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Q&A

I live with roommates. One of them wants me out. Can I get evicted right now?
I’m not on the lease. I just pay my share to my roommate each month and then they pay the full rent to our landlord.

I live with roommates. Can I be evicted right now?

When a tenant allows somebody to move in as a roommate, that new roommate has no rights under the existing lease. It’s a different story if the new roommate is added to the lease, or everyone signs a new lease. But absent either of those steps, it would be hard to prove you have any right to occupy the dwelling.

Practically, then, you might not be protected by BC’s residential tenancy laws, which include a moratorium on most evictions. A roommate may be able to take faster action to kick you out than a landlord could. They wouldn't have to apply to the Residential Tenancy Branch to evict you. If (for example) the roommate on the lease changes the locks, you would have to go to court to challenge their actions. But that will take time, the amount of money you may win is not assured, and you’ll still have to find a new place to live.

If you’re not able to pay rent, try to work something out with the roommate that is on the lease. Let them know when you’ll be able to pay rent (and let them know there’s a $300 to $500 rent subsidy available that can be paid directly to the landlord).

What else could you do?

  • Understand the ways you can still be evicted, despite the moratorium. This includes reasons related to the health and safety of the landlord or another occupant.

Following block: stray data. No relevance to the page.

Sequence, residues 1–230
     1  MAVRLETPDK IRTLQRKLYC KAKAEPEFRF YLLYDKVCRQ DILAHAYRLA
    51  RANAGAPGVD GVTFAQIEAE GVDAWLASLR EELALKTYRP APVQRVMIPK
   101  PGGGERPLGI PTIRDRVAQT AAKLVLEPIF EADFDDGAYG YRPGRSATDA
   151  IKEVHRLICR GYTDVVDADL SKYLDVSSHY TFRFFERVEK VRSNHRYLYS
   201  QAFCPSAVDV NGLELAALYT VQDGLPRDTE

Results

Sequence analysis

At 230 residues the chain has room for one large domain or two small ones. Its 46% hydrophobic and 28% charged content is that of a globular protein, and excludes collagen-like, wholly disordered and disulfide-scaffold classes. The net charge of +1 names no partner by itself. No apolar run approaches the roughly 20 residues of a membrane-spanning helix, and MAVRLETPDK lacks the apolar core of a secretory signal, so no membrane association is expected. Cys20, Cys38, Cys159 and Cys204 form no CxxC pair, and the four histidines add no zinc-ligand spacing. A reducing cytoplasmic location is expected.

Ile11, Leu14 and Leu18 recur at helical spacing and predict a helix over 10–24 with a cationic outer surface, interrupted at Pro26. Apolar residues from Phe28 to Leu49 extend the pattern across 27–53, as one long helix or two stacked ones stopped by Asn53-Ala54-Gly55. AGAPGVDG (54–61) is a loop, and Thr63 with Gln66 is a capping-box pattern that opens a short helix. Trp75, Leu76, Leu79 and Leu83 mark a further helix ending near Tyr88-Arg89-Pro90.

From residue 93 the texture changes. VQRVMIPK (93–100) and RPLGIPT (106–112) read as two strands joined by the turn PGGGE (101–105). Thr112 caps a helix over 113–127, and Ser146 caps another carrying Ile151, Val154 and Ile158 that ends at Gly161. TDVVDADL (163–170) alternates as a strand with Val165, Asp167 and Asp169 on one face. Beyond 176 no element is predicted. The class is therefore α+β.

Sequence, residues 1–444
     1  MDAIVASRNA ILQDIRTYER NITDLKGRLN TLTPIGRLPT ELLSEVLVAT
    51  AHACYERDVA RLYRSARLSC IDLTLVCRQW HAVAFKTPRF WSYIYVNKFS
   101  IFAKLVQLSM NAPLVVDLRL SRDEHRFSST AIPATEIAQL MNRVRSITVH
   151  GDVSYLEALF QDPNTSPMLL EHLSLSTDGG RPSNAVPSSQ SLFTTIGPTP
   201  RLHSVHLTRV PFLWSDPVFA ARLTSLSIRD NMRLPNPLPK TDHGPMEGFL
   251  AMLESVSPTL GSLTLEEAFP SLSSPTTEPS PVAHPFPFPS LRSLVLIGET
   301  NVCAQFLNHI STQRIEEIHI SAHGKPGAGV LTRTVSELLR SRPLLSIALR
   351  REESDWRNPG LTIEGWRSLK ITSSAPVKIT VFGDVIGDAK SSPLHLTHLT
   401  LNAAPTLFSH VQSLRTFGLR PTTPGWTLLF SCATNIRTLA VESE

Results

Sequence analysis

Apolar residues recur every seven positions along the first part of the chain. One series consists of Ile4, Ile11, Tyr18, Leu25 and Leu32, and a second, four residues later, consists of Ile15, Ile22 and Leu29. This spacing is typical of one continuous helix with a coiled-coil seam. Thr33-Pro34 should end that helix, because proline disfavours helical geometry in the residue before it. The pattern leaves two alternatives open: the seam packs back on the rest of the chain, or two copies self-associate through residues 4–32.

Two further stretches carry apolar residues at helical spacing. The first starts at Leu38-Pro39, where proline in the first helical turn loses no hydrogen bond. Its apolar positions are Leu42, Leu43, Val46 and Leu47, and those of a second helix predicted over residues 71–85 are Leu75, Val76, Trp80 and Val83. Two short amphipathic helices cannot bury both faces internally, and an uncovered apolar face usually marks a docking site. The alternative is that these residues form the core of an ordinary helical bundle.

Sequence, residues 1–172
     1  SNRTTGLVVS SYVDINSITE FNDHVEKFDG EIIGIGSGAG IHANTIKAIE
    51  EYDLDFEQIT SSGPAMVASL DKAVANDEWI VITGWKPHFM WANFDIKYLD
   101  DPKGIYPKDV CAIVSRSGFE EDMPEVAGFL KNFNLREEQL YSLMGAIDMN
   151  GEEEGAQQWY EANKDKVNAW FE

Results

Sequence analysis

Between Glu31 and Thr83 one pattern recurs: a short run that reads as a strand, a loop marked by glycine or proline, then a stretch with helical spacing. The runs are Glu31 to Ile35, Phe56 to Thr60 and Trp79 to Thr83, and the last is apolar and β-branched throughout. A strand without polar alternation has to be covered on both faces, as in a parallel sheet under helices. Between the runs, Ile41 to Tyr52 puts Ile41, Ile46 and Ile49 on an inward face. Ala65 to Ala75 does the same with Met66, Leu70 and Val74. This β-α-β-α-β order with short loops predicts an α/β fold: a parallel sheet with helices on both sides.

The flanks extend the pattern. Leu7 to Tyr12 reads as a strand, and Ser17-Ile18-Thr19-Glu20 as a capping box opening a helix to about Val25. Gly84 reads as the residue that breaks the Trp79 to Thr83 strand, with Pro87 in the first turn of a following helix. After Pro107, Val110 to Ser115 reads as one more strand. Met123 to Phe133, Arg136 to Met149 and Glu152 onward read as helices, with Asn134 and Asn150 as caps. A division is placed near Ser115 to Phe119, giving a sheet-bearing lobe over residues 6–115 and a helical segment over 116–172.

• If you're worried something might happen, prepare for a conversation with your roommate. Know what you want to get out of it. Get your talking points ready.
  • Talk to your roommate. Understand what concerns they may have. Listen. Try to come up with an action plan together.
  • See if the landlord is willing to put you on the lease. With their backing, it may be easier to convince your roommate to allow you to stay.
  • If they ask you to sign something, take your time and read it carefully. Perhaps ask a friend or lawyer to review it. You don't have to sign right away.

Trying to come up with a practical solution with your roommate, and possibly directly with the landlord, could be your best bet. But given you’re in a tough situation when it comes to your legal rights, you could consider trying to make alternative housing arrangements as soon as possible.

David Kandestin
People's Law School
Reviewed April 2020